A concept for fiber optic measurement of strain in rotating structures where the fiber cannot access the central rotation axis is described. Various interrogation techniques are considered, and the use of a fast spectrometer-based interrogator is preferred. An automated algorithm for optical alignment while the structure is rotating is described.
A novel sensitive and fast technique is described for monitoring pm scale shifts of narrow Bragg grating features. The technique is based on a grating pair and heterodyne measurement, and offers inherent compensation of temperature variations under strain measurement.
Fiber Bragg Grating (FBG) sensors may probe ultrafast changes in pressure caused by shock waves propagating in solid and liquid media impacted by high velocity projectiles. The FBG spectra are measured using an optical system comprising economically priced electro-optical components offering 5 nsec temporal resolution and 0.8 – 1.6 nm spectral resolution. We present results showing evolution of 5 kBar shock wave pressure in approx. 100 nsec, as well as the dependence of the FBG response on the physical length of the sensor (1mm and 0.1mm), and on the relative orientation between the FBG axis and the shock wavefront.
FBGs respond to external pressures in ways that reflect both the strain-optic effect and the geometrical variations, both induced by the applied pressure. While the response to static isotropic pressure is quite straight forward and intuitive, the response to anisotropic shock waves is much more complex and depends also on the relative orientation between the fiber and the shock propagation direction. We describe and explain experimental results for both cases.
A multi-wavelength fiber-optic confocal position sensor, employing a diffractive optical element (DOE), is described.
The DOE was designed with the aim of enhancing the chromatic dispersion of the optics, and thus improving the
measurement range of the technique. A proof-of-principle experiment is presented, yielding a five-fold enhancement in
the dispersion and thus in measurement range in excellent agreement with design simulation.
A white light interferometric system for remote monitoring of the expansion of a pressured foil membrane is described. The membrane will serve as a transmission "window" in liquid and gaseous target chambers for the production of radio-isotopes in an accelerator. Alternative commercial solutions are unsuitable in this environment. We describe some feasibility experiments which have been performed on a model cell pressurized to expand the foil. Pressures of up to 25 bar induce expansions of up to 1.5 mm in the center of the foil, which the optical probe, positioned 100 mm away, detects with a precision of 20 μm. The results fit well to an accepted model, yielding also the Young's modulus of the foil and its transition from elastic to plastic behavior.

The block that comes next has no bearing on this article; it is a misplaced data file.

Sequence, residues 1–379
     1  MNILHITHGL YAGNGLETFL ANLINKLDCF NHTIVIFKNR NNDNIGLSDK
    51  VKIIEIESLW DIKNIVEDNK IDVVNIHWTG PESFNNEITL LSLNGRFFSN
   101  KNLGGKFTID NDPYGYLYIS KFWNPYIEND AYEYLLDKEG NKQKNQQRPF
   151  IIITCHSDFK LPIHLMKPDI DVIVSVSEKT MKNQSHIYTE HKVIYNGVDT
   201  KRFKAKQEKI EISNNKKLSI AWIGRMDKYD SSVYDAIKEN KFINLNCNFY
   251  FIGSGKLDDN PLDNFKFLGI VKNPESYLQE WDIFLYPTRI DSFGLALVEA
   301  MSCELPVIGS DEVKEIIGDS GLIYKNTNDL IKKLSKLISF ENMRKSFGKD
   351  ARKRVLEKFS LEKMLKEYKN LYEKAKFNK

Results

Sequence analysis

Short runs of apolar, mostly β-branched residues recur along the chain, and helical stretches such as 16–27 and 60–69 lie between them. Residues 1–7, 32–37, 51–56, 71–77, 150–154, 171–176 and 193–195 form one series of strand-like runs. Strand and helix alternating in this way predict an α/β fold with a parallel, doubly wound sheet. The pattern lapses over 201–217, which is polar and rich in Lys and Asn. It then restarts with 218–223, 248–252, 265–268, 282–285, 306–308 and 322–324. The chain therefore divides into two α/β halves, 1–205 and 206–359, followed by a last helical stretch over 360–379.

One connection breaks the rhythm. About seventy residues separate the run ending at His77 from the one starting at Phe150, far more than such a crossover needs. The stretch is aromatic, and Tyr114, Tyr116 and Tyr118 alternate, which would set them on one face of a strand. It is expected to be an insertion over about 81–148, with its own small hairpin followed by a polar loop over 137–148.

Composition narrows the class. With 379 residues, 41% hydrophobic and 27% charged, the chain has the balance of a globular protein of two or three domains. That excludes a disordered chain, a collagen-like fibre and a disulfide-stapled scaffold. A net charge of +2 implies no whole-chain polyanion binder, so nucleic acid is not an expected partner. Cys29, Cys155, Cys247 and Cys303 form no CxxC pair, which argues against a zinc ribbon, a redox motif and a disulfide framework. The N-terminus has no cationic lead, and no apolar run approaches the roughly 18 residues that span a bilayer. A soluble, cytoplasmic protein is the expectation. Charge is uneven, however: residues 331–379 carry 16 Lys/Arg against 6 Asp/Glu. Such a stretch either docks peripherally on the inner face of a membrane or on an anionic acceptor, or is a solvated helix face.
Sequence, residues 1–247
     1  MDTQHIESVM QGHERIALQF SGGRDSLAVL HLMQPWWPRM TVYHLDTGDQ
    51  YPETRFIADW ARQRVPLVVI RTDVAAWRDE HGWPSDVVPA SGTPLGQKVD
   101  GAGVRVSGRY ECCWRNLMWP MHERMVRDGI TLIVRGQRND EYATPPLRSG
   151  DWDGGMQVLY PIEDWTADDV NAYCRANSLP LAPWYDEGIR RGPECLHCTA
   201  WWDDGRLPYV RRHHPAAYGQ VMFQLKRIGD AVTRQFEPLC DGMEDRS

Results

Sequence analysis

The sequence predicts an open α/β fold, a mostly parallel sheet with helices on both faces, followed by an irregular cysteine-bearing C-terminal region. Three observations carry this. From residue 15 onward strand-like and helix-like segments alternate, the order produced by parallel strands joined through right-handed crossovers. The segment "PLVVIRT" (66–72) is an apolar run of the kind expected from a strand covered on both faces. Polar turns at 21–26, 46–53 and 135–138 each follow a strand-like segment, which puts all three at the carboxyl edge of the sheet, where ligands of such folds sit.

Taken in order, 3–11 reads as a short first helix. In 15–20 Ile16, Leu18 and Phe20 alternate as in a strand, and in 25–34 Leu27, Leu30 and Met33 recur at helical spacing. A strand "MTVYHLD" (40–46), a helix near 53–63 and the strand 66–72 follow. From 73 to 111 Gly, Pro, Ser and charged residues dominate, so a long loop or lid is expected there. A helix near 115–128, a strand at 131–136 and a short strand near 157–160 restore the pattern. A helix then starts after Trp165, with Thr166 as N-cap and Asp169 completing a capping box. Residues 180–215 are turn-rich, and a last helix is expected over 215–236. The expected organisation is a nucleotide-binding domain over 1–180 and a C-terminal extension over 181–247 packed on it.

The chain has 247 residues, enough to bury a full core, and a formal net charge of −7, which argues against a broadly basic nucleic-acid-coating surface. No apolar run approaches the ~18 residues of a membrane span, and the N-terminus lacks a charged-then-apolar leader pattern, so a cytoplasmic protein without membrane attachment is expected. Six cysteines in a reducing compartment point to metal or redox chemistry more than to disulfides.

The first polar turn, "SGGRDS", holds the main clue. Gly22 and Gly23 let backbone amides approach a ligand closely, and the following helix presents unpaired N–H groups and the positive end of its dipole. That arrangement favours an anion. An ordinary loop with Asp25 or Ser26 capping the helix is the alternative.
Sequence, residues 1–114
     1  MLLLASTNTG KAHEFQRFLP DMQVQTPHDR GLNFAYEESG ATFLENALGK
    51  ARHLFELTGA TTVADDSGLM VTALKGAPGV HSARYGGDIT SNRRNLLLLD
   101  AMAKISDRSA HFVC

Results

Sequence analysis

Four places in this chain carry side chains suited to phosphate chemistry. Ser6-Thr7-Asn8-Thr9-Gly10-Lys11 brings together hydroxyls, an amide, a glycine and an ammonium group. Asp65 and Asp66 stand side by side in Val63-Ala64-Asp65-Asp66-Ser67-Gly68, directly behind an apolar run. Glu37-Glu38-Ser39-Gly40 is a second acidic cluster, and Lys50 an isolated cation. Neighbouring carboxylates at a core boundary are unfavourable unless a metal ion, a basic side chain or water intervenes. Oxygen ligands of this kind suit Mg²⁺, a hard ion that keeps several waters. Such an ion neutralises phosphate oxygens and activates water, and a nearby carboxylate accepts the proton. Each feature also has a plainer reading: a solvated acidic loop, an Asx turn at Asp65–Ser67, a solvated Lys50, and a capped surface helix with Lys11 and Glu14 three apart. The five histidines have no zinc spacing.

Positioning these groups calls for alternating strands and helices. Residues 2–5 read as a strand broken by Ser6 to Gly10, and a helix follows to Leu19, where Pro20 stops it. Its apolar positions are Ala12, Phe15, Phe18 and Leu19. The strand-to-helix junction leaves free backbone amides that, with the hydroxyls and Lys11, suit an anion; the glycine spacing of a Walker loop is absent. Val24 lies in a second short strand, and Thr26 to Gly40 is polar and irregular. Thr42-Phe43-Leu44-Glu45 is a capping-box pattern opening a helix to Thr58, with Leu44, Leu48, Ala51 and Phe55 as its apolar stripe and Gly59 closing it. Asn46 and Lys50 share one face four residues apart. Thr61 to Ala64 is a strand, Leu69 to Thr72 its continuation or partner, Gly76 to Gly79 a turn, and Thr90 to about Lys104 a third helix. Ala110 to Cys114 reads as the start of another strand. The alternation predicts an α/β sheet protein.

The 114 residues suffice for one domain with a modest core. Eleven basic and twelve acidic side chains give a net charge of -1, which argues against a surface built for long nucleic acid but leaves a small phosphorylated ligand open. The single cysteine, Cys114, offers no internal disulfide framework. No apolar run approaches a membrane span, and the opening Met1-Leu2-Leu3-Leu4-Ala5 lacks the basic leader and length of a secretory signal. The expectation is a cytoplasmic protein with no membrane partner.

Imaging a single optical fiber onto a remote, reflective target using several wavelengths - while exploiting the chromatic dispersion of the imaging optics - can be used to sense displacements of the target. Light of each wavelength is back-reflected into the fiber at a unique target position. The basic principles of the method and the optical considerations to optimize its accuracy are described. Experimental demonstrations are presented, showing precisions of around 10-20 micrometers.
The construction and the operation properties of an organically doped, sol-gel cladded optical fiber pH sensor, are described. The silica-entrapped indicator in the fluorescence-based device was fluorescein, pumped with a continuous wave (cw) argon 488 nm laser. The transmitted signal through the sensing fiber yielded a response in the pH range of 4 - 7, where signal level increased from acid to base. The device is durable and renewable. When tested over more than 8 weeks it retained its response, as demonstrated by dozens of cycles of measurements each lasting a few hours. The probe is easily prepared under regular room conditions by simple decladding of the fiber and sol-gel recoating. System design and setup are attractive due to modularity and discardable low cost probe tips.
The concept of using embedded sensors based on optical fibre technology for condition
monitoring in fibre reinforced composites is no longer novel. Extensive literature is available on the topic, and
several development programmes have demonstrated concept feasibility. No routine service application has yet
An interdisciplinary team in Israel, comprising industry and academic partners, has been
developing various aspects of the technology, with the ultimate aim of real time monitoring of aircraft structural
components during flight. Aspects studied have included optical signal processing and analysis, optical signal
correlation with mechanical loading, micromechanical modelling of composites containing optical fibres, optical
fibre to composite matrix stress transfer and techniques for embedding optical fibres during conventional
composite manufacturing processes.
The linear birefringence exhibited by the wound fiber in a Faraday rotation current sensor is shown to be responsible for a significant dependence of the output signal on the location of the conductor within the fiber loop, and for non-zero outputs for conductors outside the loop. Numerical calculations show a signal variation of up to approximately equals 10% as the conductor is moved around the circumference of the loop.
We present a ruggedized portable fiber-optic Faraday-rotation current
sensor, that exhibits good and stable performance characteristics. The
sensor has been tested and calibrated against a commercial induction-coil
type device. The resultant scale-factor is in a very good agreement with
the theoretical one, calculated following extensive fiber birefringence
measurements. The measured sensor noise equivalent current is